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Red Cross sets up scrutiny committee

Updated: 2012-12-11 03:15
By SHAN JUAN ( China Daily)

As part of its reforms aimed at improving public trust, the Red Cross Society of China has established a public committee to help supervise issues such as donation management and improving the organization as a whole, Zhao Baige, executive vice-president of the society, said on Monday.

The committee is composed of 16 members from the fields of law, politics, medicine, media, finance and accounting, and will work independently, said Yao Lixin, newly appointed spokesman for the society.

Yao said committee members will receive no salary from the society and will play a role in a number of areas including development planning, finance supervision and public communication.

"The model will be institutionalized and expanded nationally to facilitate public supervision over the Red Cross," Zhao told a news conference.

The move is also part of the society's comprehensive reforms to help restore its reputation, which was tarnished in 2011 when Guo Meimei, claiming to be an official at the society, detailed her lavish lifestyle in micro-blog posts.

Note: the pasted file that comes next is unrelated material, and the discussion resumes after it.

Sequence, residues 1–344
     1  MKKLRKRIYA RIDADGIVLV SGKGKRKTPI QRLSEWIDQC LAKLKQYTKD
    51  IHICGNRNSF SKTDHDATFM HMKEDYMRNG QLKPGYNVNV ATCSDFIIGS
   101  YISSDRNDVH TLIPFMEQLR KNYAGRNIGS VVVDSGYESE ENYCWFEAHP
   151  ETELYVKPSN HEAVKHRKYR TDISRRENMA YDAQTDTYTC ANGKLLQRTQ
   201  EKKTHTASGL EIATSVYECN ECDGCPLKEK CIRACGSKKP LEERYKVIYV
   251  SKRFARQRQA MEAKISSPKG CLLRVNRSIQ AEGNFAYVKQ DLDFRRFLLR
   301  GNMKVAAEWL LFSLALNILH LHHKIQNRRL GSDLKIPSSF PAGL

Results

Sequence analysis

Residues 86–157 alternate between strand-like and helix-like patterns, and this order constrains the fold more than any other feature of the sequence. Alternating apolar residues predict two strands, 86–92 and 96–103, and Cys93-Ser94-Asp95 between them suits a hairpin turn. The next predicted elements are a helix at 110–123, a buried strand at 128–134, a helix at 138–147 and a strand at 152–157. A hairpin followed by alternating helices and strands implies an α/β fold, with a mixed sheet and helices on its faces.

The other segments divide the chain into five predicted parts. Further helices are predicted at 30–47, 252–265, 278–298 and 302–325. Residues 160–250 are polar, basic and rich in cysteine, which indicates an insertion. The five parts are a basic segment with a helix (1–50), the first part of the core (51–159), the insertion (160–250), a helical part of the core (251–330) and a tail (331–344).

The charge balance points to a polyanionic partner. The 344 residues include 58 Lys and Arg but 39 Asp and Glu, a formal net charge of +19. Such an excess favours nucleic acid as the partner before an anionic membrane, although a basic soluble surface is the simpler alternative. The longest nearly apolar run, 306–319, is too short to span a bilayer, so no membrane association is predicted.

Huang Weimin, an attorney with the Grandall Law Firm in Beijing, who has been appointed secretary-general of the committee, said the prestige of the position links the personal reputation of the members with the society.

Each term of membership lasts for three years. "We are under public supervision as well," he said. Those who are found to be irresponsible will be replaced.

Apart from key issues, such as implementing charity projects and supervising donation management, "the committee also serves as a bridge between the society and the general public", Huang said.

To ensure proper and accurate public communication, the committee includes Bai Yansong, a well-known China Central Television presenter and commentator, and Yuan Yue, president of the Horizon Research Group.

"Effective supervision takes expertise and skill, and committee members all have appropriate backgrounds that will enable them to fulfill their responsibilities," said Yao.

He said public supervision of this kind is in line with international practice.

"Behind each of the members there are also untapped resources, which can help with the society's overall development," he said.

Wang Zhenyao, director of the China Philanthropy Research Institute at Beijing Normal University, who is also a member of the committee, said he welcomes the latest initiative.

"It represents huge progress for the society," he said.

Wang said the committee will issue regular work reports to the public.